Sunday, May 5, 2013

Review: (Vancouver) Tea: A Mirror of Soul

Nancy Allen (photo: Tim Matheson)

Good Intentions...
by Jay Catterson

An operatic barrage of references to a certain hot beverage amidst the sounds of water, paper and stone made its Canadian debut at Vancouver Opera's production of "Tea: A Mirror of Soul". Composed by Tan Dun, the Oscar award-winning composer of "Crouching Tiger, Hidden Dragon", the story centres around Seikyo, a Japanese prince-turned monk who laments the loss of love due to his quest for the mythical Book of Tea. As exotic as this tale of East meets West may sound, this production was too tepid and languid a cup for most operagoers' tastes, including mine.  

The production has to be commended for trying to push the boundaries of contemporary opera in a visually and aurally stimulating way. Overall, the score is intricately complex and effective; Dun's use of natural sounds -involving an impressive trio of onstage percussionists utilizing large clear water basins, big sheets of paper and stone bowls- and overtone singing and chanting from the chorus and orchestra (enunciating hard consonant sounds like 'k' and 't' in a perfectly calculated manner) create a haunting, ethereal soundscape. The dynamically gorgeous set design by Rumi Matsui and ravishing costumes by Masatomo Ota truly make this production a sumptuous sight. And even the principals dazzle, with Roger Honeywell's bright, intense tenor stealing the spotlight as the Prince. 

It was hard to not notice the empty seats after intermission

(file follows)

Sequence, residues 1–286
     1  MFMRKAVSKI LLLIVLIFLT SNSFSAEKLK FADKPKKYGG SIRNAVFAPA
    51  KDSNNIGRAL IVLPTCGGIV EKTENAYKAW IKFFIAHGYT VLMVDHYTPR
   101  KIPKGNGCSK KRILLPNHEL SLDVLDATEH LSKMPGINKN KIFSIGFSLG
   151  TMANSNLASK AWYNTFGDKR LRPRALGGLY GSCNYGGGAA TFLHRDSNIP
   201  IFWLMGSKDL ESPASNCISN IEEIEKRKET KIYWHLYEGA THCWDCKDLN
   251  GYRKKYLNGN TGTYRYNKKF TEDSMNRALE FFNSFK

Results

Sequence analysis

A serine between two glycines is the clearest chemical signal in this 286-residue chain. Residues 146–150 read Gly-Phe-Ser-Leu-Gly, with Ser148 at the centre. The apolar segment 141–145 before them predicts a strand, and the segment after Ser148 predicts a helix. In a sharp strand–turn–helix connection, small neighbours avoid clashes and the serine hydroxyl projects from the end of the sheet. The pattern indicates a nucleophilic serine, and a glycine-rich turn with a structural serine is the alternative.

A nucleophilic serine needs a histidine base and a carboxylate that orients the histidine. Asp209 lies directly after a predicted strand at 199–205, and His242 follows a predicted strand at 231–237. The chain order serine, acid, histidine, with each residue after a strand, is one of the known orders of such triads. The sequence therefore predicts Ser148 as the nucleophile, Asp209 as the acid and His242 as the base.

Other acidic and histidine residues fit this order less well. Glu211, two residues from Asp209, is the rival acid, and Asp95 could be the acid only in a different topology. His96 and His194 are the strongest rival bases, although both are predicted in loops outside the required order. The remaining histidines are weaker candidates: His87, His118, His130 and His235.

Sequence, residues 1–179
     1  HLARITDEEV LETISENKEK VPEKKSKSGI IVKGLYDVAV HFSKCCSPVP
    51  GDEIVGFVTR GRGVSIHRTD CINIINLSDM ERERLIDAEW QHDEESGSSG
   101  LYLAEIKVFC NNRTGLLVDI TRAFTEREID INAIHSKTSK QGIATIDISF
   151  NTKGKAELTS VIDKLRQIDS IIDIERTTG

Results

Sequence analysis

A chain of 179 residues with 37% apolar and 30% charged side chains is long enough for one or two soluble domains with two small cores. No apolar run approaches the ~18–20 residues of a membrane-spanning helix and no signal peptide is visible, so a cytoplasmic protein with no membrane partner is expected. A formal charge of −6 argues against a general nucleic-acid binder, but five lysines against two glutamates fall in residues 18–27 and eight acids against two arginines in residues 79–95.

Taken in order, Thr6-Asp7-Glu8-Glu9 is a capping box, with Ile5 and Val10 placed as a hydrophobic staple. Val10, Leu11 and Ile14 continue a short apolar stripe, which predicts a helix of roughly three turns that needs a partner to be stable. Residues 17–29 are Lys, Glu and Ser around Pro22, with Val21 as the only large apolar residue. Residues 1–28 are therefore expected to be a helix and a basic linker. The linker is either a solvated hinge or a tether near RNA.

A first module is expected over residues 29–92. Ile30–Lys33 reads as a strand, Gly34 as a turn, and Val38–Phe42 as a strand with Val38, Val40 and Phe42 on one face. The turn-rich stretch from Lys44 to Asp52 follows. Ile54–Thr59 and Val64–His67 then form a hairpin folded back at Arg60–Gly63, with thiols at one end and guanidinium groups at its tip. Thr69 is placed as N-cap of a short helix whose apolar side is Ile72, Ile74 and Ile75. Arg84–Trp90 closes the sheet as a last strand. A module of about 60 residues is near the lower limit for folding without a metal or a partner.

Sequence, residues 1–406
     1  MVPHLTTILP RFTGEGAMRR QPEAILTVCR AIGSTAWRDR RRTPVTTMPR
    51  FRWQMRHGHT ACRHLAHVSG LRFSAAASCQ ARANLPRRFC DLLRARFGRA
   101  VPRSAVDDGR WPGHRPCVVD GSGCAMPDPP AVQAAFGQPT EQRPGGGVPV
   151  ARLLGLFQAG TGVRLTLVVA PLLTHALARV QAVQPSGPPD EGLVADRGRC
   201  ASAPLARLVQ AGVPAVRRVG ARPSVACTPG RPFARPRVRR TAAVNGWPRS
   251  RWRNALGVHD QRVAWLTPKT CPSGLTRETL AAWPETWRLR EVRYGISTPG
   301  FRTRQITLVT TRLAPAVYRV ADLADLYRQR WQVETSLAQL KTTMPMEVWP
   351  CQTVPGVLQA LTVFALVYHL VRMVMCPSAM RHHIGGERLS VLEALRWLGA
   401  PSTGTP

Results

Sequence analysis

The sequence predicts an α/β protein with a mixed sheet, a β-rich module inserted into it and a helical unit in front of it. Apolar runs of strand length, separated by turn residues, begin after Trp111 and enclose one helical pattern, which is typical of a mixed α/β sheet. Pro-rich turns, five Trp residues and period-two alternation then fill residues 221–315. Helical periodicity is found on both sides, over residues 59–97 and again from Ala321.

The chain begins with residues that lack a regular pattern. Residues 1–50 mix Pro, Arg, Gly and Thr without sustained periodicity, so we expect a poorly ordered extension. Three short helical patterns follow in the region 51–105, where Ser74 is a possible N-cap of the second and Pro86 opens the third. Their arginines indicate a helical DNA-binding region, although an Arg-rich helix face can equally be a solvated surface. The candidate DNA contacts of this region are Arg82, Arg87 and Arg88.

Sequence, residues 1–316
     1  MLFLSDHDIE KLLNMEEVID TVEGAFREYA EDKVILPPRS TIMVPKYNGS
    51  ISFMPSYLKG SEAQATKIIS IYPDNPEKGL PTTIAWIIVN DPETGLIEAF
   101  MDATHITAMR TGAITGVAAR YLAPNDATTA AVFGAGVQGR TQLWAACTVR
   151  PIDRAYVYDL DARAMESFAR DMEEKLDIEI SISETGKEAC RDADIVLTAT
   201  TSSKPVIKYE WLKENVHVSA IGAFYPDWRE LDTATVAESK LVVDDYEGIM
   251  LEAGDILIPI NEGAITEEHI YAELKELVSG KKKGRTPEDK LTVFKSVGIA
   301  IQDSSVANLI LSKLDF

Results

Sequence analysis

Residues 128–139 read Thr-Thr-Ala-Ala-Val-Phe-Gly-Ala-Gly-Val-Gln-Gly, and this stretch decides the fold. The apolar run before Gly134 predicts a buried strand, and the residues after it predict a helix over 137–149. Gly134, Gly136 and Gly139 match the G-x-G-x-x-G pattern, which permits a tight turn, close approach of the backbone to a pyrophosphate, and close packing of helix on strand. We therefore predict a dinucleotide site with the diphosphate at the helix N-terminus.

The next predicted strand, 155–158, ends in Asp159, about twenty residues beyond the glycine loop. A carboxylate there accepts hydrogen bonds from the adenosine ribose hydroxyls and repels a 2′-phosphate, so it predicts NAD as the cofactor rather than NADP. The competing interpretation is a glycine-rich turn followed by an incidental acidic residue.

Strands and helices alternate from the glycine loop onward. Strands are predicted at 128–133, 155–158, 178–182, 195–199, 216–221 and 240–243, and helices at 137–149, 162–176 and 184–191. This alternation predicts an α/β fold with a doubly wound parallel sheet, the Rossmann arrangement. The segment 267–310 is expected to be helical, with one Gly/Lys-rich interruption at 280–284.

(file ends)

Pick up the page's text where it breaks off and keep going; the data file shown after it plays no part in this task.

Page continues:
But amongst all this artistic razzle-dazzle, the production fizzled into a disappointing, and at times laughable, drone. The libretto is so steeped in metaphor that any ounce of narrative and plot development gets lost entirely. Heck, I kind of wish that there was a "Crouching Tiger"-esque flying battle scene to fend off attacks from those painful metaphors! And what might have sounded elegant or mysterious in the beginning simply became onerous, not to mention deplorable; for example, during a ridiculous love scene (complete with flashing strobe lights and glitter, mind you!) in Act II, laughable lyrics such as "rubbing the oolong" incited uncomfortable giggles and groans from the audience. Alas, even the dramatic fight scene in Act III abandons all logic in a hilarious attempt to regain the audience's focus. And at two hours, the production felt like it ran three times as long. For traditional opera fans raised on Puccini and Verdi, the sheer lack of memorable arias (well, quite frankly the lack of arias, period) amidst the endless references to - you guessed it - tea will easily turn them off. And that's what "Tea" did. It was hard to not notice the empty seats after intermission, and even the lowly cellphone that was ringing in the second half seemed more memorable than the drudgery that emanated from the stage. 

But regardless of said drudgery that befell us on Saturday night, Vancouver Opera has to be commended for this bold move in choosing to end their season with a boundary-pushing production such as "Tea". If they had opened it earlier in the season and ended with their exquisite and inspired production of "The Magic Flute", I feel that Vancouver Opera would have an easier time getting patrons to renew their subscriptions. Perhaps they need to bring back something like Nixon in China, which was challenging, modern, critical and quite simply "good". As Seikyo sings, "Picking tea is hard. Making tea is harder"; perhaps next time they should stick to making coffee, which is something more common in this town.

To May 11

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